General Motors, more commonly known as GM to the public, is an American multinational automotive corporation with headquarters in Detroit, Michigan. In 2010, it was listed as the second largest automaker in the world, and for the first half of 2011, GM was actually listed as the first largest. GM is known for its numerous divisions and brands, including Buick, Chevrolet, (more…)
NewScientist’s January 28 issue is likely to unsettle clean energy advocates – but it is worth the read.
The cover article, “Power paradox: Clean might not be green forever,” posits that even renewable energy can warm the planet, and eventually change climate, if we continue to ratchet up power production to (more…)
Ecotricity, a British alternative energy provider, announced on its website that it is financing a new technology called Searaser. The company says the new technology tackles two of the main obstacles faced by the renewable energy industry: cost and intermittency.
The Searaser was invented by Alvin Smith, an (more…)
According to fresh data released by the Environmental Protection Agency, a record 1.1 billion gallons were produced in 2011, a milestone for the biodiesel industry in the U.S. The target required by the agency’s Renewable Fuel Standard (RFS) was 800 million gallons. (more…)
In Vermont’s state legislature, a bill is under consideration that will help owners of residential solar photovoltaic (PV) systems put more green into their pockets.
Ocean Thermal Energy Conversion (OTEC) is an idea for creating renewable energy by exploiting the difference in ocean temperatures between the surface and the seabed. The OTEC permit office first opened in 1981 as part of NOAA, America’s National Oceanic and Atmospheric Administration, the marine counterpart to NASA. It was created after the oil price (more…)
Tick tock, tick tock… The ticking sound that our friends in Germany might be hearing is the countdown to 2022, the year in which the country has pledged to be completely nuclear free.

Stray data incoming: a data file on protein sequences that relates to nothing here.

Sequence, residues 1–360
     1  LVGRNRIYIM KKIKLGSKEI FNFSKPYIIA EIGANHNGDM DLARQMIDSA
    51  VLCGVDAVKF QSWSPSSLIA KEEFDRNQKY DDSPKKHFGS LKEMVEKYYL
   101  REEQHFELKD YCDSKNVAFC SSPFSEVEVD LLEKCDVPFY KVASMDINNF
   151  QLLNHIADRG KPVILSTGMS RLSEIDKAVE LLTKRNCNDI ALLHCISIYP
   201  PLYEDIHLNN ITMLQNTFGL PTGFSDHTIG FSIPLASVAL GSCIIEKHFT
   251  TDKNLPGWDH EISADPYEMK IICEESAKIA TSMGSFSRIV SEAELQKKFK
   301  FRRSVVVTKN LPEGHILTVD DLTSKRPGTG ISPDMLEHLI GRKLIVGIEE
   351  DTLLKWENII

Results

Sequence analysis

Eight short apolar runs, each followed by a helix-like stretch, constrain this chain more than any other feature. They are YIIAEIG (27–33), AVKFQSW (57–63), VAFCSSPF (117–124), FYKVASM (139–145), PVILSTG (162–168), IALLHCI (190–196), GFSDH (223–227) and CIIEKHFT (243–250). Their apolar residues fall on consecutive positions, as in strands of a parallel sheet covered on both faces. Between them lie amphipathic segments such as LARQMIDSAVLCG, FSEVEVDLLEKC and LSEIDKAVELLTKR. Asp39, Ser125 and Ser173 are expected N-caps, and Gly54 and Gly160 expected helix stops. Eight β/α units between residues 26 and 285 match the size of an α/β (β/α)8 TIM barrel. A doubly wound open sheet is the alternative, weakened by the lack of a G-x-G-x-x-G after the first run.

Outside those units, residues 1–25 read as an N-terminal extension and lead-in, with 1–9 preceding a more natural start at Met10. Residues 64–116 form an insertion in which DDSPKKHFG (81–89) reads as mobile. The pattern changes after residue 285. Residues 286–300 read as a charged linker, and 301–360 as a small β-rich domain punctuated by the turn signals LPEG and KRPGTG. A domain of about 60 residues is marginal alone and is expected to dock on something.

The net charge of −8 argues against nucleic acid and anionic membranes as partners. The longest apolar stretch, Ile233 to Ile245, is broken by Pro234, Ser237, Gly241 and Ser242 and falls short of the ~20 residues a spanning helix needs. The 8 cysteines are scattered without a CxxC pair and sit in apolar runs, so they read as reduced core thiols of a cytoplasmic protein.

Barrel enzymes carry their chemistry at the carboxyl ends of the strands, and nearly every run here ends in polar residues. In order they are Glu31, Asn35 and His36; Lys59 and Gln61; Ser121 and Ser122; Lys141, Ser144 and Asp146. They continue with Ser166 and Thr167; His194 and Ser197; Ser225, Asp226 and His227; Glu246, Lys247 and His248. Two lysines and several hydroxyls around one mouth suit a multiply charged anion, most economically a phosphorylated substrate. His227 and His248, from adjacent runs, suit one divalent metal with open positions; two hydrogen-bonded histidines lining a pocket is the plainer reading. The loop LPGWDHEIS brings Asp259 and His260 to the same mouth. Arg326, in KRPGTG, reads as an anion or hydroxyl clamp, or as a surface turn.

Meanwhile, halfway across the globe, Japan is still dealing with the aftermath of the meltdown at its Fukushima Daiichi nuclear power facility. The disaster greatly damaged public confidence in the safety of nuclear power, leading many countries to question their own commitment to nuclear power.
As Germany, Japan, and other countries seek to phase out nuclear power, they need to design strategies for filling the “energy gap” created by nuclear power’s absence. Renewable energy sources provide the clearest, cleanest path for filling this gap, and many different forms of renewables currently exist as viable options.
Germany-based TimberTower develops massive, easily assembled wooden towers that can be used as the base for wind turbines, much the way wood was used as the foundation for windmills for many centuries. More flexible, renewable and easier to manufacture and produce than metal turbines, the wooden towers make sense for a forest-rich region.
Clean technology company SunPods Inc.—headquartered in San Jose, Calif.—designs and manufactures modular solar array units that help make solar power more accessible and affordable. Unlike conventional customized ground-mounted solar arrays that require extensive onsite assembly and construction, SunPods (which stands for “Sun Power on Demand”) are configured and built in a factory before being delivered to virtually any site — a process that reduces installation time by up to 85 percent, allowing sunny regions to readily harvest the solar power available to them.
Tidal power presents another option for renewable energy for countries with available coastline. IT Power—based in Bristol, UK—is developing an innovative tidal energy device that uses oscillating horizontal hydrofoils instead of traditional rotating blades to generate renewable energy. This pioneering approach offers many advantages over existing tidal stream technology by maximizing the area that can be swept—and hence the power captured—in a given depth of water.
Wind, solar, tidal power, and other renewables all have a role to play in helping countries seeking to move away from nuclear achieve their energy goals. How these countries fill “the energy gap” will be a bellwether for others working to diversify their energy mix.
Susan Gladwin leads the Autodesk Clean Tech Partner Program, which provides emerging clean tech companies powerful software and opportunities to help them develop solutions that address our most pressing environmental issues. In North America, Europe, Japan and Singapore, the Autodesk Clean Tech Partner Program offers $150,000 of Autodesk software for $50.
3M is an American multinational conglomerate located in Minnesota. 3M is responsible for over 55,000 different products, including abrasives, adhesives, laminates, dental products, passive fire protection, medical products, electronic materials, car care products, optical films and electronic circuits. With operations in over 60 countries, 3M products are (more…)